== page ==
Compactification (mathematics)

From Academic Kids

For the concept of compactification in physics, see compactification (physics)

In mathematics, compactification is applied to topological spaces to make them compact spaces. There is no unique way to do this.

The methods of compactification are various, but each is a way of controlling points from going off to infinity by in some way reifying a limit into a point or points, or preventing such an escape.

Compactification in general topology

It is often useful to embed topological spaces in compact spaces, because of the strong properties compact spaces have. An embedding of a topological space X as a dense subset of a compact space is called a compactification of X.

Of particular interest are Hausdorff compactifications, i.e., compactifications in which the compact space is Hausdorff. A topological space has a Hausdorff compactification if and only if it is Tychonoff. Moreover, there is a unique (up to homeomorphism) "most general" compactification, the Stone-Čech compactification of X, denoted by βX. The space βX is characterized by the universal property that any continuous function from X to a compact Hausdorff space K can be extended to a continuous function from βX to K in a unique way.

For any non-compact space X the (Alexandroff) one-point compactification of X is obtained by adding an extra point ∞ (often called a point at infinity) and defining the open sets of the new space to be the open sets of X together with the sets of the form G U {∞}, where G is an open subset of X and X \ G is compact. The one-point compactification of X is Hausdorff if and only if X is Hausdorff and locally compact.

Compactification and discrete subgroups of Lie groups

In the study of discrete subgroups of Lie groups, the quotient space of cosets is often a candidate for more subtle compactification to preserve structure at a richer level than just topological.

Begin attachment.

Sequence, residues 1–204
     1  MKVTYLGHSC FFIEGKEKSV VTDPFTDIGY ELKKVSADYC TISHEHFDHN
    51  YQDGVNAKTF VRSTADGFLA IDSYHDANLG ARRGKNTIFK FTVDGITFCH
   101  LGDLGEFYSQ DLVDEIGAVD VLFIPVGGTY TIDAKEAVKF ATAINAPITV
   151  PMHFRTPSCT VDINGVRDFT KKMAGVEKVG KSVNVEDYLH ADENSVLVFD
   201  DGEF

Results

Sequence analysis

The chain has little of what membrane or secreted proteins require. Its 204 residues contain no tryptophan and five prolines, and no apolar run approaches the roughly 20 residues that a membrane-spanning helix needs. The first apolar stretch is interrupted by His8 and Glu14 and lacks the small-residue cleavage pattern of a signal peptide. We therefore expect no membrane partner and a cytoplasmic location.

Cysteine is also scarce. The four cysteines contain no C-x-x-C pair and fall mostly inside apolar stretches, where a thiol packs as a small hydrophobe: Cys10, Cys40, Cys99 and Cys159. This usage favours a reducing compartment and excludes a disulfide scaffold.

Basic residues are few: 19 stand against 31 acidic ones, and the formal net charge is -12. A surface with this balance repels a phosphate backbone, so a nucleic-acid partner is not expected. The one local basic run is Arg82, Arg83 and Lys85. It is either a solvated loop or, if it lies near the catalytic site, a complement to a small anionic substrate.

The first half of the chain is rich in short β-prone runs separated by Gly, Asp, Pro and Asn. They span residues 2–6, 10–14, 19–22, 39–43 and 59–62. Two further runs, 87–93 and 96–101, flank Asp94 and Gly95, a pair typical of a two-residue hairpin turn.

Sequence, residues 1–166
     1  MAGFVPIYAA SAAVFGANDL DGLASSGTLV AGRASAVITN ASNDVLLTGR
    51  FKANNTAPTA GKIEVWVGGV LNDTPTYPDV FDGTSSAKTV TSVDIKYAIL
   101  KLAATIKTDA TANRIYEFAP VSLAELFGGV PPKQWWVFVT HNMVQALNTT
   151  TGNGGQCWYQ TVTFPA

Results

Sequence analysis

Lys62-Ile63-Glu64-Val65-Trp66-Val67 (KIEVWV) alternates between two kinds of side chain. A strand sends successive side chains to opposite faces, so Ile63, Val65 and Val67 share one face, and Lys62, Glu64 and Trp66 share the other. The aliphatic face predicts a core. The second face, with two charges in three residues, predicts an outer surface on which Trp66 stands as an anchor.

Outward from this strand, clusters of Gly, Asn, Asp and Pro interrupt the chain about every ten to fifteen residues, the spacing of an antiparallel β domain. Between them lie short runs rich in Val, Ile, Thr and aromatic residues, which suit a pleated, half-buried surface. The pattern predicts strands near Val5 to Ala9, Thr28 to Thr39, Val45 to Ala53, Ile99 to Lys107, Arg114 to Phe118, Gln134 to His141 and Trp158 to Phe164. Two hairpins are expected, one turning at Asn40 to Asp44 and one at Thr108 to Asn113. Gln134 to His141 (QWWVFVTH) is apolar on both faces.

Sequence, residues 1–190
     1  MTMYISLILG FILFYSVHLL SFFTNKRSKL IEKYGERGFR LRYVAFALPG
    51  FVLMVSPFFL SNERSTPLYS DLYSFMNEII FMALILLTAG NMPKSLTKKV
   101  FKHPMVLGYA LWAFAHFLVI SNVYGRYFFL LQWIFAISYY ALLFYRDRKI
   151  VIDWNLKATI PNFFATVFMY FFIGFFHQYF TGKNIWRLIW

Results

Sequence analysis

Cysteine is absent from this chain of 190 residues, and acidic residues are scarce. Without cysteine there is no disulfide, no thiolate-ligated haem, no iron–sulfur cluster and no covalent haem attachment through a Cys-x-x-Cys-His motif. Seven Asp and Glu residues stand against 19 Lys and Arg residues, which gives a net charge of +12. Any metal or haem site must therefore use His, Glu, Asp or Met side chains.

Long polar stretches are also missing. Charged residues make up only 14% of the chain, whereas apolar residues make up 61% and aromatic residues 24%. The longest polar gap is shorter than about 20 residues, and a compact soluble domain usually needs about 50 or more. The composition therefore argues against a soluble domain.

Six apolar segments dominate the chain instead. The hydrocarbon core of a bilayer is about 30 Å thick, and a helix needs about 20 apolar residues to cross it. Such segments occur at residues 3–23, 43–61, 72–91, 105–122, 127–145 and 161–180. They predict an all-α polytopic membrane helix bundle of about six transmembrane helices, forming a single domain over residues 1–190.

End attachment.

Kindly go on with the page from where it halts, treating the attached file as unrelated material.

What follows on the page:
For example modular curves are compactified by the addition of single points for each cusp, making them Riemann surfaces (and so, since they are compact, algebraic curves). Here the cusps are there for a good reason: the curves parametrize a space of lattices, and those lattices can degenerate ('go off to infinity'), often in a number of ways (taking into account some auxiliary structure of level). The cusps stand in for those different 'directions to infinity'.

That is all for lattices in the plane. In n-dimensional Euclidean space the same questions can be posed, for example about GLn(R)/GLn(Z). This is harder to compactify. There is a general theory, the Borel-Serre compactification, that is now applied.

Other compactification theories

These include the theories of ends of a space and prime ends. Also some 'boundary' theories such as the collaring of an open manifold, Martin boundary, Silov boundary and Furstenberg boundary. The Bohr compactification of a topological group arises from the consideration of almost periodic functions. One can compactify a topological ring by forming its projective line with inversive ring geometry.

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